be a reasonable replacement for 'full asset' audit?  To protect the
 identities of the holders could a complete list of the hashes of each name
 and claimed deposit be revealed to the auditors, who then select M of N
 hashes whereupon the operator reveals only those identities and claimed
 deposits work cryptographically?

One problem is the holders could collude and play a shell game.
Suppose that 30% of the holders were going to be asked to reveal their
assets, then the company could back only 30% of the currency, and
redistribute the assets to the selected holders before the auditors come.


How about this method?

1.) Auditors meet at a defined place and time.

2.) Courier arrives and presents a fraction N of M of the backing, once at 
a time, to the auditors


3.) Auditors verify the fraction, account for it and enclose it in a 
container with a unique hard to forge seal


4.) Courier leaves

5.) Step 2-4 are repeated until the total of M has been presented to the 
auditors


6.) In the second round, the auditors request the same fractions N of M 
again. Not all N have to be presented, but can be


7.) One after another the couriers with the respective fractions present 
them again to the auditors


8.) The auditors verify the seals, and remove them

9.) The couriers leave

There are two disadvantages to the process:
1.) It takes quite some time.
2.) It is expensive

The advantages are:
1.) It is secure for the auditors and the operators
2.) It presents the full backing

Steve 


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Re: Governance of anonymous financial services

2007-03-30 Thread Steve Schear

At 08:23 PM 3/29/2007, Allen wrote:

Steve,

I assume that you mean the owner of the on-line financial service when you 
say operator, correct? In which case what exactly are the auditors going 
to be looking at when comes time to audit but the operator's identity, 
whereabouts, the servers and a portion of the assets are undisclosed?


As we have seen in the prosecutions of large corporation officers knowing 
their identity is no guarantee that stakeholders will not be 
defrauded.  Can you explain why knowing the server whereabouts is 
required?  Certainly there are cryptographically sound ways (e.g., time 
stamps from independent and trusted sources, hash chaining, etc.) that anon 
DBC mints can provide transaction logs that can be publicly examined and 
verified without ever touching the server.



In a basic sense auditing is to see if the reality behind the books 
matches the books. That the number of sheaves of wheat you have in the 
warehouse match the number you have in the office. If you can not locate 
the reality what are you verifying?


The scenario described and method I proposed I think do address the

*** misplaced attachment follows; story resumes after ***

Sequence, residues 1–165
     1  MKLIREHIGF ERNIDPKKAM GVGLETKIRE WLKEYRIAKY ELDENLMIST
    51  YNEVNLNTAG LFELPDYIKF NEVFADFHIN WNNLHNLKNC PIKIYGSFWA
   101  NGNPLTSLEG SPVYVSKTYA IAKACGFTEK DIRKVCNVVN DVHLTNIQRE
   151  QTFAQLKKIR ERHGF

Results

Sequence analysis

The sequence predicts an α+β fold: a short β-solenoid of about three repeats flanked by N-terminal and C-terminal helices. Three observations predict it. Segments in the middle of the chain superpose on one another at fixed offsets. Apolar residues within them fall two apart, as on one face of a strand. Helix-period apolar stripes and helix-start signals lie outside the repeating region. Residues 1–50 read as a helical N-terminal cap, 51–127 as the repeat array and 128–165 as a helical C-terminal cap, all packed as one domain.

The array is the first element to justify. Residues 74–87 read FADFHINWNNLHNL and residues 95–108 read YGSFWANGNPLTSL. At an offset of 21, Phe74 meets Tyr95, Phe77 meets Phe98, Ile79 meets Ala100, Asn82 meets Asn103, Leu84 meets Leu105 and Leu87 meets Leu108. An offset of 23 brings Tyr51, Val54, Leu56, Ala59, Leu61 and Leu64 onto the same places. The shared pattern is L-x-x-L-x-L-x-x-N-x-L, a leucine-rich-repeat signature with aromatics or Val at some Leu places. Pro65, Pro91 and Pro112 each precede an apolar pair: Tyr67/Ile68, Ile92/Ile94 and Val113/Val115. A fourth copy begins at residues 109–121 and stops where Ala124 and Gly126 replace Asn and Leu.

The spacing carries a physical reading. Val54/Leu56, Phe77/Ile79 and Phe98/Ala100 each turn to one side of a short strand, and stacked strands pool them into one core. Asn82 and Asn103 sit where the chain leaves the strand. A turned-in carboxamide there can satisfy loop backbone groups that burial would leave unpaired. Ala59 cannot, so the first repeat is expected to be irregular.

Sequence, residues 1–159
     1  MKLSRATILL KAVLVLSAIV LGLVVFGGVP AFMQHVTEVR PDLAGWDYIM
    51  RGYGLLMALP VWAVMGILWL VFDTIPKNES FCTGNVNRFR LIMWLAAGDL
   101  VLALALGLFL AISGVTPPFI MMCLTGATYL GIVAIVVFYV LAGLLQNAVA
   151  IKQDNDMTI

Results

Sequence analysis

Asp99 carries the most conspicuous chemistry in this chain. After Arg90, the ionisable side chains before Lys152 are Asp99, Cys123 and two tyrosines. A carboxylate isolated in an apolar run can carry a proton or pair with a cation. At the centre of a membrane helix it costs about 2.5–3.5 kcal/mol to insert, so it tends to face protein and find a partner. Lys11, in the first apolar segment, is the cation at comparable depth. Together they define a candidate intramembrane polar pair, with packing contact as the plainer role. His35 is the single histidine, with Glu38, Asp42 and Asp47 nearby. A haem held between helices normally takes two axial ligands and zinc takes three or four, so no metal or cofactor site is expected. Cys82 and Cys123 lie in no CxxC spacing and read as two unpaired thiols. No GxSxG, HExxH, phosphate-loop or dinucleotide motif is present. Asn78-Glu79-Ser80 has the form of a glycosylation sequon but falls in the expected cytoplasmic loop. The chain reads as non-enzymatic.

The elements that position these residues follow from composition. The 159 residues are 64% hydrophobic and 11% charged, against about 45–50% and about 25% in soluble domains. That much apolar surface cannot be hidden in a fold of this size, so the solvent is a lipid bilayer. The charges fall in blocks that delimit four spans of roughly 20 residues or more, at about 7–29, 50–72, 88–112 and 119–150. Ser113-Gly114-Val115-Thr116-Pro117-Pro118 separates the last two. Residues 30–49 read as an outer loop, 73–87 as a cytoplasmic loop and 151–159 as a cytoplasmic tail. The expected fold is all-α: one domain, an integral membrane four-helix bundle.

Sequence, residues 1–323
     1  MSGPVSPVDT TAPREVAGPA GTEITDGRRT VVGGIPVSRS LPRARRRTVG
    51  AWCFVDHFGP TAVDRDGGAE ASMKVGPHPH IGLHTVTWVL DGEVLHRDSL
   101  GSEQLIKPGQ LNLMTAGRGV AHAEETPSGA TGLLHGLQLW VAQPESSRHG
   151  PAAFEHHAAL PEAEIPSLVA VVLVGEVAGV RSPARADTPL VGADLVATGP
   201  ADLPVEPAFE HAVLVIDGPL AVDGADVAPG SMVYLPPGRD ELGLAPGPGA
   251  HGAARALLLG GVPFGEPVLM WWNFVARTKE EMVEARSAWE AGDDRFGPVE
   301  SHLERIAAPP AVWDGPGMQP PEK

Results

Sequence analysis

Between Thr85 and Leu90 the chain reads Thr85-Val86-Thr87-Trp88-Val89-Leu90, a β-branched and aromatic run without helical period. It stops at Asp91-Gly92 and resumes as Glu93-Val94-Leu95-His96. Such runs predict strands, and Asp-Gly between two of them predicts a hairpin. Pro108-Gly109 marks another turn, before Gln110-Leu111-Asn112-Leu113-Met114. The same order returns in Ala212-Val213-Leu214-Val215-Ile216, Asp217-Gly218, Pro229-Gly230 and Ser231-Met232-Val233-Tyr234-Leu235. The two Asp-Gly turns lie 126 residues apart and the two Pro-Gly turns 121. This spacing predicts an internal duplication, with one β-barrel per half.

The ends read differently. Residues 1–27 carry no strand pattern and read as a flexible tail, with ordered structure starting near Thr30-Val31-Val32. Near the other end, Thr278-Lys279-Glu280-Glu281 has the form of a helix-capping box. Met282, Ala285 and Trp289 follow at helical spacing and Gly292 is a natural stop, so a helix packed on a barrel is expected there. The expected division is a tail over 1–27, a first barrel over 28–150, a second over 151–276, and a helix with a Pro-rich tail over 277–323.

identification of assets.  I maintain that random sampling can, when 
properly carried out, provide a mathematically sound confidence of the 
total size of assets.


I think, rather than governance, this goes to the heart of trust in 
relationships. Governance to me is more the process of verifying that the 
trust is not misplaced and that audits are simply one way, but only one of 
many ways, of quantifying the level of trust one can have in the relationship.


Agreed.

Steve 


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Re: Governance of anonymous financial services

2007-03-30 Thread Hal Finney
Steve Schear writes:
 Here is the situation.  An on-line financial service, for example a DBC 
 (Digital Bearer Certificate), operator wishes his meat space identity, 
 physical whereabouts, the transaction servers and at least some of the 
 location(s) of the service's asset backing to remain secret...

Pretty tough to do much with crypto in this situation.  My rpow.net
software was an attempt to create what Nick Szabo called bit gold,
transferrable certificates that had intrinsic rarity.  It uses trusted
computing concepts to create RSA signatures that are backed by hash
collisions.  Unfortunately rarity does not automatically translate into
value, so even though the system was highly inflation-resistant it was
not too successful in attracting users.


 The service 
 provides frequent, maybe even real-time, data on its asset backing versus 
 currency in circulation. The operator wishes to provide some assurance to 
 his clients that the backing and the amount of currency in circulation are 
 in close agreement.  The mint's backing need not be in a single location 
 nor in the sole possession of the operator.

Maybe he could publish a picture of the backing commodities, and design
the system so that everyone could see how much money was in circulation?

Keep in mind that this is only part of the trust picture.  Showing that
the backing is there won't prevent this anonymous operator from absconding
with the funds in the future.  That would be one of my concerns if I
were a user.


 If the backing is distributed among a multitude of holders (e.g., in a 
 fashion similar to how Lloyds backs their insurance empire), who's 
 identities are kept secret until audit time and then only a few, randomly 
 selected, names and claimed deposit amounts are revealed to the auditors, 
 might this statistical sampling and the totals projected from the results 
 be a reasonable replacement for 'full asset' audit?  To protect the 
 identities of the holders could a complete list of the hashes of each name 
 and claimed deposit be revealed to the auditors, who then select M of N 
 hashes whereupon the operator reveals only those identities and claimed 
 deposits work cryptographically?

One problem is the holders could collude and play a shell game.
Suppose that 30% of the holders were going to be asked to reveal their
assets, then the company could back only 30% of the currency, and
redistribute the assets to the selected holders before the auditors come.